asked the Secretary of State for Foreign Affairs whether he is aware that a widespread belief still persists in Greece that it is the desire of His Majesty's Government that the King of Greece should return; that they will use their influence to secure this result when the time comes for the Greek people to vote on the constitutional issue, and that British support would be withdrawn from a republican Greece; and whether he will make a statement of the attitude of His Majesty's Government.
Yes, Sir, I have heard it suggested that some Greeks still believe that His Majesty's Government wish to intervene in favour of the restoration of the Monarchy. I can assure my hon. Friend that if in fact this belief still exists, it is without foundation. His Majesty's Government consider that the Greek people themselves must decide the future constitution of their country, and we strongly resent insinuations which are apparently being made by interested persons in Athens that we wish in any way to influence that decision. We shall, of course, accept the vote, whatever the result may be. There is no excuse whatever for the suggestion that, if the Greeks decide to establish a Republic, our support for Greece will be in any way diminished. That is completely untrue. It has, moreover, been made clear in the statement issued on 19th September by His Majesty's Government, in conjunction with the Governments of France and the United States, that in the opinion of the three Governments the constitutional issue should not be raised at the present time. The date for the plebiscite should only be determined after the elections when conditions of normal tranquillity have been restored.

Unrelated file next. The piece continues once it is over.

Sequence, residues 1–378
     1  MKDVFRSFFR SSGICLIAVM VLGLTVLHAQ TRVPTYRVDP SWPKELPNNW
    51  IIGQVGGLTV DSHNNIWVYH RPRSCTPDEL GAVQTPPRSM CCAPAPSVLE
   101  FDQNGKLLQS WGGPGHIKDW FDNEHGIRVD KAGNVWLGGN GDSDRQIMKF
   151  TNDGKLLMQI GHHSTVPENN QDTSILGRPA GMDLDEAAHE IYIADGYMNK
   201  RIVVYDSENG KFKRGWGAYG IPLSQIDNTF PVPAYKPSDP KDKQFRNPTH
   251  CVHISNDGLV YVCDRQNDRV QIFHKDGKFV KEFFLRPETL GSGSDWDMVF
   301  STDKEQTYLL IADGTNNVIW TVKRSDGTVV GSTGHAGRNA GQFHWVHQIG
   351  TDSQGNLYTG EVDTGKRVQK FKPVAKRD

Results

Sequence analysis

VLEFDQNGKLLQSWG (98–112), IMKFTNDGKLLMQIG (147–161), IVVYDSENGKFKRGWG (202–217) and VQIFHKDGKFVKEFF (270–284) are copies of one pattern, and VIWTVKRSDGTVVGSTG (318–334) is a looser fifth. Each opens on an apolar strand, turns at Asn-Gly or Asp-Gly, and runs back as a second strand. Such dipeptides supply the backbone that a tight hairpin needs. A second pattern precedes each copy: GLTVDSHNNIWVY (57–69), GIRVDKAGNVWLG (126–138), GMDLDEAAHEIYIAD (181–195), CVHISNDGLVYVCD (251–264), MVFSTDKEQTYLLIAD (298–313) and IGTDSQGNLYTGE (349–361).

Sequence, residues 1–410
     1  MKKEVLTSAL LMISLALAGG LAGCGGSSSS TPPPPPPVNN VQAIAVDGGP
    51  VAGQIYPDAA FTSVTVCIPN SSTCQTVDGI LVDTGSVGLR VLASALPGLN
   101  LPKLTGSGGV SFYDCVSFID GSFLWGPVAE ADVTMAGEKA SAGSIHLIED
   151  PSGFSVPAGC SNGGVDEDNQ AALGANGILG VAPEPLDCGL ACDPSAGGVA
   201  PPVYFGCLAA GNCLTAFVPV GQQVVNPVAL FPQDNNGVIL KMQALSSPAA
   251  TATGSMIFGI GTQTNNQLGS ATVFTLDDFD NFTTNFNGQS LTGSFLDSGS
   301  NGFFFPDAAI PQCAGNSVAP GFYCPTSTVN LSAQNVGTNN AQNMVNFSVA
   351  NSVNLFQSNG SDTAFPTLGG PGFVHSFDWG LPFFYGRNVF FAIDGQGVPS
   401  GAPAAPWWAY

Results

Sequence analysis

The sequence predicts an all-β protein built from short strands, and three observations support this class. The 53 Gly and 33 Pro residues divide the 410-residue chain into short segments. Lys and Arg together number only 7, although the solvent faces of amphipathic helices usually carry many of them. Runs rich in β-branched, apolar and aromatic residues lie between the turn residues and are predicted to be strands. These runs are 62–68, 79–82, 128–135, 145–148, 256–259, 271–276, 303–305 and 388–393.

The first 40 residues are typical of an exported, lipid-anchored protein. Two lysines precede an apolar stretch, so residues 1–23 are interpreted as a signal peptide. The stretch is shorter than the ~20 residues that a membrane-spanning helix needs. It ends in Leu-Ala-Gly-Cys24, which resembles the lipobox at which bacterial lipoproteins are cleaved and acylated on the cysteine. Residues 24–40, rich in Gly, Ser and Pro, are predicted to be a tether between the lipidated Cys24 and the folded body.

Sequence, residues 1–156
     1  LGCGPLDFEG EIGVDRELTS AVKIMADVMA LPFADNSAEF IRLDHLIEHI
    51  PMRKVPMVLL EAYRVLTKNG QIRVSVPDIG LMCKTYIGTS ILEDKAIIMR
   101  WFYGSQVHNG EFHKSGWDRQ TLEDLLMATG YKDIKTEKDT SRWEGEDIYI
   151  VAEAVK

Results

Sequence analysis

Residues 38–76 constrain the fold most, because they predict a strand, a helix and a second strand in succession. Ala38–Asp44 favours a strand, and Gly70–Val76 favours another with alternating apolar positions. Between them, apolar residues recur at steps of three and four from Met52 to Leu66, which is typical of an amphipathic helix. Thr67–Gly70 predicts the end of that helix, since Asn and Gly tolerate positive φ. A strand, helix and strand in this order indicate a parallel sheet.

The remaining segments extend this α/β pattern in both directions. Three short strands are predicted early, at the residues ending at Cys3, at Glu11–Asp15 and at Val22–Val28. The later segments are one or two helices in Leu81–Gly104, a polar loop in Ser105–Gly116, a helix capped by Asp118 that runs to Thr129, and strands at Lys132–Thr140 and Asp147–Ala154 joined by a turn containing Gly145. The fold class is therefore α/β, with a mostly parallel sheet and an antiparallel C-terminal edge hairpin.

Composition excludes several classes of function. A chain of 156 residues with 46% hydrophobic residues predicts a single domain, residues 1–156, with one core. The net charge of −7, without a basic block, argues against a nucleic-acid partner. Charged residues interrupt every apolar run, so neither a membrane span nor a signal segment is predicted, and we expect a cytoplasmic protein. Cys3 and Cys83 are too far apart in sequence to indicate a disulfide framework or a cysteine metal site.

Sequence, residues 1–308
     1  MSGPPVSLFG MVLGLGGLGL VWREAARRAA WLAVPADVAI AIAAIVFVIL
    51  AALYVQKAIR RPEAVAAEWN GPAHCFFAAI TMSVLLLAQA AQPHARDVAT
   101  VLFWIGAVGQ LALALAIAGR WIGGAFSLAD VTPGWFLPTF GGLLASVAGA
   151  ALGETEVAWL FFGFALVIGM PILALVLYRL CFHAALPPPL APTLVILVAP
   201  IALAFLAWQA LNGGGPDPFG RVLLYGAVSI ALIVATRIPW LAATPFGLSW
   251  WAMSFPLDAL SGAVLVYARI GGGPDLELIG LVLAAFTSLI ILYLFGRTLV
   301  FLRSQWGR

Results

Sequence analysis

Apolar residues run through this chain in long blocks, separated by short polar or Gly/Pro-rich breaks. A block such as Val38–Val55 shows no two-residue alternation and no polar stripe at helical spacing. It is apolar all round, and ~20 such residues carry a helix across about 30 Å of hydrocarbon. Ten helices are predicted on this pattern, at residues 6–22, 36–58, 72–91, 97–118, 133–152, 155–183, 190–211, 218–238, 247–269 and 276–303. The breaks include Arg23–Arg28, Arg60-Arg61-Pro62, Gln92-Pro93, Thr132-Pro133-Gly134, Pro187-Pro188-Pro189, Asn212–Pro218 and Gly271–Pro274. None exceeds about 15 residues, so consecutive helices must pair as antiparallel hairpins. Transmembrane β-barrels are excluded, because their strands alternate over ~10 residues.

In view of the importance of the right hon. Gentleman's reply, can he give an assurance that it will receive the widest publicity in Greece so as to counter the present propaganda?
I think we can rely on the Athens Press to do that.
Is the Minister prepared to take the step of withdrawing General Scobie and the Ambassador, in view of the fact that they have been very closely associated with the Royalists?
I cannot accept the insinuation contained in the hon. Gentleman's remarks.